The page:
A world-renowned birding site the Matopos Hills area boasts 46 species of raptor, 15 of which are eagles. This constitutes almost a third of the world’s eagle species. The largest population of Black Eagles (Aquila verreauxii) in the world is found here and the hills provide vital nesting sites for many raptors. If you take the time to look skyward you will almost certainly see a bird of prey wheeling in the wide expanse of sky above you as it searches for its prey.
Wildlife is also found here although numbers have been impacted by human presence in recent times. The Matobo National Park within the Hills possesses one of the largest populations of Leopard (Panthera pardus). However, the nature of the habitat that provides such good lairs for these animals also makes them notoriously hard to view here. Within the National Park, a critically important sanctuary of 100 km² has been created for two endangered species, the White Rhino (Ceratotherium simum) and Black rhino (Diceros bicornis). It is possible to track and view these animals on foot with a professional guide. There is no feeling as incredible as standing mere metres from these powerful animals that are paradoxically so vulnerable and in danger of fading away and it is a good reminder of why sanctuaries and protected places such as the one here are so vital.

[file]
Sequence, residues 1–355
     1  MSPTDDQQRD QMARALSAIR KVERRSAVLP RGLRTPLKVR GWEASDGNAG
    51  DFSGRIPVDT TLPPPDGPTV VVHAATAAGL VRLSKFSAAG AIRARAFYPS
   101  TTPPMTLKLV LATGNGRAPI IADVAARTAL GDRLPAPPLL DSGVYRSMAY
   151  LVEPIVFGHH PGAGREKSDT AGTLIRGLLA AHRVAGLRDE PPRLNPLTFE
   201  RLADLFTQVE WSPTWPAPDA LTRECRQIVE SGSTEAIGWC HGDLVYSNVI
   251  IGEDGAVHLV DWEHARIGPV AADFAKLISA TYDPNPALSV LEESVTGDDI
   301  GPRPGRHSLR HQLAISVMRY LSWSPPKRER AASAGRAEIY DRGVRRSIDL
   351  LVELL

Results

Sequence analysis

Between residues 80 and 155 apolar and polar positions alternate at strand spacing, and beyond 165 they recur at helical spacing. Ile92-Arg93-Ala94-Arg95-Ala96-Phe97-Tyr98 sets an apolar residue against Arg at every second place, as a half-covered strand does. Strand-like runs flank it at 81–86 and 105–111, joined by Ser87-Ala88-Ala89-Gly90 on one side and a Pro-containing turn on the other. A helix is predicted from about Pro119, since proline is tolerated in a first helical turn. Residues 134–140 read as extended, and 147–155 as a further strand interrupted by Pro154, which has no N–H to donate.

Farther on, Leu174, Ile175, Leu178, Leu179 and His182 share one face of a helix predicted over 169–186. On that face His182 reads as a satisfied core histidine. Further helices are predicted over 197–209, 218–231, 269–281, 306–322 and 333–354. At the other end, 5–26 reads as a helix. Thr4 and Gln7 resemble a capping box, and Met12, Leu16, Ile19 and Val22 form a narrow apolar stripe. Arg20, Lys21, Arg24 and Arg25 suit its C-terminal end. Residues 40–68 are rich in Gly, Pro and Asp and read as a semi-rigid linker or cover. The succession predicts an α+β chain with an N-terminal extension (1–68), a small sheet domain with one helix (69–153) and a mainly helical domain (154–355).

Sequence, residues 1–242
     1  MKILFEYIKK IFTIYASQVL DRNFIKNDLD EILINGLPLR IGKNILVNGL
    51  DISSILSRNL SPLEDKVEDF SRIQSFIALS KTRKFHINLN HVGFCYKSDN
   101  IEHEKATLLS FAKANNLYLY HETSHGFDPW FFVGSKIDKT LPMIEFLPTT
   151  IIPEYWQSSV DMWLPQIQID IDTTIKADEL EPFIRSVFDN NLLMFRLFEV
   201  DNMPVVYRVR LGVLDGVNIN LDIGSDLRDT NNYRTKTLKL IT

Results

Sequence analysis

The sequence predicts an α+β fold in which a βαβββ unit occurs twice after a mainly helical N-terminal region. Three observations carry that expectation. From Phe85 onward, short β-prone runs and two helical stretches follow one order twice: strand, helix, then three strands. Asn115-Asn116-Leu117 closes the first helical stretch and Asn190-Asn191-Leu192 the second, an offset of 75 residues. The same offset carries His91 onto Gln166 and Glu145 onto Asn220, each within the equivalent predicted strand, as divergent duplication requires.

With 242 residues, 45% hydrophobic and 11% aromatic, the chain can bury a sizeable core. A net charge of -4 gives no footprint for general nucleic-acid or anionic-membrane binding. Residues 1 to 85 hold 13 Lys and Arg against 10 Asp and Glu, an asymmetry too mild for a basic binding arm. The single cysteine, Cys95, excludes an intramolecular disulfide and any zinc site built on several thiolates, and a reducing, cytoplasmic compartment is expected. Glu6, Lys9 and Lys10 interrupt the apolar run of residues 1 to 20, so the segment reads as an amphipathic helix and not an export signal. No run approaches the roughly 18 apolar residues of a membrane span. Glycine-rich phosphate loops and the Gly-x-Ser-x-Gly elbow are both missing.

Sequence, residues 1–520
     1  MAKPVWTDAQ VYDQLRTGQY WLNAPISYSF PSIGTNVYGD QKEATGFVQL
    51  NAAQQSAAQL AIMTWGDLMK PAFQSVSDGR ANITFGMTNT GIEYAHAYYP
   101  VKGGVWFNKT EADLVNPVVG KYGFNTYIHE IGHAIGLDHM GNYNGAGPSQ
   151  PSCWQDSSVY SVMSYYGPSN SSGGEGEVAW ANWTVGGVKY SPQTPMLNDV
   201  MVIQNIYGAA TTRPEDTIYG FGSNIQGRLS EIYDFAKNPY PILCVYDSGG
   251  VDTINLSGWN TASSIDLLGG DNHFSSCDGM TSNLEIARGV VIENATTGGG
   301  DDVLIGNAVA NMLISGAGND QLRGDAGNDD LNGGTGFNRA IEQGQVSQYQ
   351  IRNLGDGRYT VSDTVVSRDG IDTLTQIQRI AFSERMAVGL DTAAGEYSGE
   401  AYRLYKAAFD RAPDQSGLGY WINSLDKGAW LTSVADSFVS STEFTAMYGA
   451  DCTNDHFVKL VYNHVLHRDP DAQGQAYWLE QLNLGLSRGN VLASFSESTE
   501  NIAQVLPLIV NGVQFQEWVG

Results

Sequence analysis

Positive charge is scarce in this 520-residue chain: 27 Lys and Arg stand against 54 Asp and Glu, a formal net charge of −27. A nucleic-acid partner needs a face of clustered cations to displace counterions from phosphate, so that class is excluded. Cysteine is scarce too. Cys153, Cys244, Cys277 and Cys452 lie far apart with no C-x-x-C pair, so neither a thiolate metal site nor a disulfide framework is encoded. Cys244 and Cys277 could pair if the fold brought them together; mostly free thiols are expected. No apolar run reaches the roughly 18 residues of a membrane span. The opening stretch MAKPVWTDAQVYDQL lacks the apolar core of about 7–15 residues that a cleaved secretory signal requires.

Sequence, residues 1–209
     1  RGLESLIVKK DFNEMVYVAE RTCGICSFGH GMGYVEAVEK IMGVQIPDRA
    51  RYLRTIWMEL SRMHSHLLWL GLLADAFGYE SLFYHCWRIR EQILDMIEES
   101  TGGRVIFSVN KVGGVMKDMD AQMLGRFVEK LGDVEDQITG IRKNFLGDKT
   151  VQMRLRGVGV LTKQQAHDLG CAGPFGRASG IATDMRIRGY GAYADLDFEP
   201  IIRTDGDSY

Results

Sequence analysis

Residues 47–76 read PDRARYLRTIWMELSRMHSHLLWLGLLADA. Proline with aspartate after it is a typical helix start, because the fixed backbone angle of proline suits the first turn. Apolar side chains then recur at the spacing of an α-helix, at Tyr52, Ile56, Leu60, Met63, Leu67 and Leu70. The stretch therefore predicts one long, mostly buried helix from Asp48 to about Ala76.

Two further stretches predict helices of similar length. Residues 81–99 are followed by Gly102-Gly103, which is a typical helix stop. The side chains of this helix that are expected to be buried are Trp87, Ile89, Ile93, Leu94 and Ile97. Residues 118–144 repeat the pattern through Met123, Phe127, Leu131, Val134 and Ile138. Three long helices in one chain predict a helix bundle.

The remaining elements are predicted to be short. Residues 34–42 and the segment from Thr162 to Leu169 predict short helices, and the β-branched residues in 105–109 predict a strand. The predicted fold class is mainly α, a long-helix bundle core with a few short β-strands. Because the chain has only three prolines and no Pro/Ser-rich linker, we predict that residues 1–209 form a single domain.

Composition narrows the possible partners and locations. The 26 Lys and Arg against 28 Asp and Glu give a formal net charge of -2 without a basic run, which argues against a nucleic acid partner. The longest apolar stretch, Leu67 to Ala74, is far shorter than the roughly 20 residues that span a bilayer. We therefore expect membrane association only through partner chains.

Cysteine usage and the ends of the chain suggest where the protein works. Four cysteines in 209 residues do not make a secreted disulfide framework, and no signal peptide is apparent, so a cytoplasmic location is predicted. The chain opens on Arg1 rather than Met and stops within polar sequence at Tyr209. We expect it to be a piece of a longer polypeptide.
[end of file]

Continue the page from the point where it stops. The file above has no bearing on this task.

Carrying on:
Rhinoceros have existed here for thousands of years, a fact confirmed by the rhino depicted in the ancient art that adorns many cave walls here. The Matopos Hills contain over 3000 registered rock art sites. The art was created by the hunter-gatherer Khoi-San people who resided here until about 2,000 years ago with some paintings being estimated at 13,000 years in age. The sheer scale and beauty of many of these are incredible and bear witness to the long journey from the Stone Age to recent times.
When viewing the many-layered paintings in hues of rust, cinnamon and ochre, one cannot help but imagine the hands that painted them. The rich heritage of magnificent frescoes left adorning the empty cave walls is inspiring. Eventually, the Khoi-San were displaced by iron-using pastoralists in about the 1st Century AD. From after this time, there are many Iron Age archaeological sites including clay ovens, pottery, burial sites and more.
Adding to the multilayered human history, the hills more recently provided a refuge for the Ndebele and the Karanga tribes when they went to war against European colonial settlers in 1893 and 1896. Clay granaries that evidence this can still be seen in some caves. Both the graves of the Ndebele warrior-king Mzilikazi and the European settler Cecil John Rhodes can be found in the Matopos Hills.
The Ndebele people inhabit the hills to this day and regard them as the sacred home of their ancestors. The incredible landscape provides a living tradition of shrines and sacred places that is vitally important to them. The Ndebele accord great respect to the environment and say that despoiling it disrespects their ancestors and in this way, the intangible beliefs around the Matopos Hills contribute to the preservation of the landscape. The Ndebele have several shrines and sacred areas in the hills dedicated to the god of their ancestors ‘Mwari’ and important annual spiritual traditions are carried out at these.
When you visit the Matopos it is the heady combination of the historic, the natural and the spiritual that will draw you back. The awe-inspiring geological landscape has been a place of refuge for both man and beast for thousands of years and I am certain that as you walk amongst the ancient rocks you will find it is one for you too.